Anti-tuition-hike demo gets rowdy

December 7, 2010

Student protesters battled with riot police inside the Quebec Hilton hotel yesterday, trying to get into a forum about increasing tuition fees that another group of students had just left in protest.

Surete du Quebec ministerial bodyguards and hotel security stopped the students in a hallway after they entered the hotel using an emergency staircase. Reinforcements from the Quebec City police riot squad then arrived, pushing the students back down the stairs. Police officers used their batons and students fought with sticks in the violent confrontation.

Forum participants in the ballroom could hear the commotion but the event continued uninterrupted.

There were no arrests resulting from this incident, but earlier in a day of protests, one student as arrested and charged with assaulting an officer at the Hilton.

The attempted disruption came minutes after student and union representatives walked out of the forum, called to seek the views of about 120 people in Quebec’s university milieu about the issue of tuition hikes.

“We walked out because the meeting today was fixed,” said Louis-Philippe Savoie, president of the Federation etudiante universitaire du Quebec.

During the morning session, which was closed to the news media, participants in workshops discussed tuition hikes, access to higher education and issues related to the underfinancing of Quebec’s universities.

Savoie was one of four workshop reporters, along with Concordia University president Judith Woodsworth; Francoise Bertrand, president of the Federation des chambers de commerce du Quebec; and Denise Boucher, vice-president of the Confederation des syndicats nationaux.

All four workshop reporters said there was no consensus on a tuition hike.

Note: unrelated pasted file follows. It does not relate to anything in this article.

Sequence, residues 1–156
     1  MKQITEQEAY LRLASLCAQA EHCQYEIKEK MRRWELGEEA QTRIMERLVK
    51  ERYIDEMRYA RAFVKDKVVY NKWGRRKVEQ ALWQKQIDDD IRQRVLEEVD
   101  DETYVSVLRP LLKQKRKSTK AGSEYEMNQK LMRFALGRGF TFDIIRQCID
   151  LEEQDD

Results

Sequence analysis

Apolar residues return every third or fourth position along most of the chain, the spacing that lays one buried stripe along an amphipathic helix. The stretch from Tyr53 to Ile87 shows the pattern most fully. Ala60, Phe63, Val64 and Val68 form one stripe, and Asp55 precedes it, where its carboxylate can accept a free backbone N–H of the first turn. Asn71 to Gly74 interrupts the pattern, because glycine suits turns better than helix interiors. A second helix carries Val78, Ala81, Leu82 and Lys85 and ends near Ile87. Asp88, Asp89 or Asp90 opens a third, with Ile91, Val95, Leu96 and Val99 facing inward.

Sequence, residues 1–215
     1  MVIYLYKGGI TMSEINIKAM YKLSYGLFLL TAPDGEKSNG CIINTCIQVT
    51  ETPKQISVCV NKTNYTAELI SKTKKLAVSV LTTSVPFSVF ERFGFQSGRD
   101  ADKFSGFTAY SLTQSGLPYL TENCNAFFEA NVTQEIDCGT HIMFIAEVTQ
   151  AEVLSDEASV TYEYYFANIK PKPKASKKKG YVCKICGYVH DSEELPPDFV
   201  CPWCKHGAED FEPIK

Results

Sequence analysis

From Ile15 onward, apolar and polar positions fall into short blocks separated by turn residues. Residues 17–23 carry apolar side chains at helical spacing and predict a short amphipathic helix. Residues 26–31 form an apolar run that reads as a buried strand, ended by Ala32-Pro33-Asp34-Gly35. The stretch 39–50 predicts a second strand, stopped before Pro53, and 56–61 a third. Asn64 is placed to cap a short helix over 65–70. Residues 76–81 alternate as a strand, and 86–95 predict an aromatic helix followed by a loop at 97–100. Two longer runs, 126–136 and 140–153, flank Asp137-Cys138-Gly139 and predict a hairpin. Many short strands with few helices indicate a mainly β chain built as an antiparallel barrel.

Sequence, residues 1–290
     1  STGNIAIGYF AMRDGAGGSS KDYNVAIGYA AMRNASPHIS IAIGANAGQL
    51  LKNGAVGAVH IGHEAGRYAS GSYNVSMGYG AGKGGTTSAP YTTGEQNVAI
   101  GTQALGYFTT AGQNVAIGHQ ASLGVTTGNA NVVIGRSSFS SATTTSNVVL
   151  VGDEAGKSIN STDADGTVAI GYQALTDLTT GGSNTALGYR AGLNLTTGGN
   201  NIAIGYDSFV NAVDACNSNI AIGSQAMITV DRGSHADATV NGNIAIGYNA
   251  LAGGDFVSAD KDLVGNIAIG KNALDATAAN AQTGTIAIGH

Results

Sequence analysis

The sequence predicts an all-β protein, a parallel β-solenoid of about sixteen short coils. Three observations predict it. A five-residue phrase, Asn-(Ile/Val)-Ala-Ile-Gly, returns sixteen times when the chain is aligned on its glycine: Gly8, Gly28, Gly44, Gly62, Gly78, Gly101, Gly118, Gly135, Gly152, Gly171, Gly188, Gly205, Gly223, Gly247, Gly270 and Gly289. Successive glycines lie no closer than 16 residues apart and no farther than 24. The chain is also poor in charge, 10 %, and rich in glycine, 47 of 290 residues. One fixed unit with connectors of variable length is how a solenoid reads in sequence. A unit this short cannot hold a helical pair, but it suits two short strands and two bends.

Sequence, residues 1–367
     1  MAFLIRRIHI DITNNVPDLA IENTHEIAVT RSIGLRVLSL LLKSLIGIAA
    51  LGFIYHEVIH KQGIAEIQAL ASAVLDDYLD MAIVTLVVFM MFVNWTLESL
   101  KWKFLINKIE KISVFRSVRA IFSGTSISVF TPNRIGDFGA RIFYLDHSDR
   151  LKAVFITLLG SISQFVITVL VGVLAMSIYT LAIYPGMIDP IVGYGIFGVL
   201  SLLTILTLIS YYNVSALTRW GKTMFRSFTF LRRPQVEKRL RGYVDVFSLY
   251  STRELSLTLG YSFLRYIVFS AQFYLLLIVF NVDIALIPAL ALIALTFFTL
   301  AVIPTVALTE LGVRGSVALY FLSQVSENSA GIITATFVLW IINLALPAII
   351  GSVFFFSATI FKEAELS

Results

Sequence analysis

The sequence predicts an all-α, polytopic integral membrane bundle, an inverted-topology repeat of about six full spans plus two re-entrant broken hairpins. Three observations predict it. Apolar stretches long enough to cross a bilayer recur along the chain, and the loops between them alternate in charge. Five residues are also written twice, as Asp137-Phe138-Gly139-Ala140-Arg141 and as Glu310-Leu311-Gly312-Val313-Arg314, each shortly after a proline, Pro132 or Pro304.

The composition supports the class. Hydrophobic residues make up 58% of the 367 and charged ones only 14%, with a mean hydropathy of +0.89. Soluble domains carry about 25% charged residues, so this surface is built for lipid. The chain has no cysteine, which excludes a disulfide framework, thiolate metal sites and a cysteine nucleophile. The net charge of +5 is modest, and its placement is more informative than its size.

But at a joint news conference, summing up the work of the day, Finance Minister Raymond Bachand and Education Minister Line Beauchamp confirmed the government’s mind is made up.

Bachand said the province will act quickly to decide how much tuition will rise, given the consensus among the university administrators present that the issue is “urgent.”

In his budget in March, Bachand said tuition fees would go up in the fall of 2012.

Bachand said in 1968, a student’s tuition paid 26 per cent of the cost of his or her university, education while today tuition only covers 13 per cent.

“Who is paying the difference?” Bachand said. “The middle class, through taxes.”

Beauchamp said another issue that was clear for the universities is that they don’t want the province to reduce its financial contribution once tuition is raised.

Even though a tuition hike was a moot point in the discussions, the education minister said, she learned about different financing resources and needs, as well as about access issues and the needs of part-time and aboriginal students.

Beauchamp wants to ensure students “who have the talent and want to go to university” will be able to attend.

Denis Briere, rector of Universite Laval, speaking for the association of Quebec’s university administrators, said Quebec should hike tuition by $500 a year for three years.

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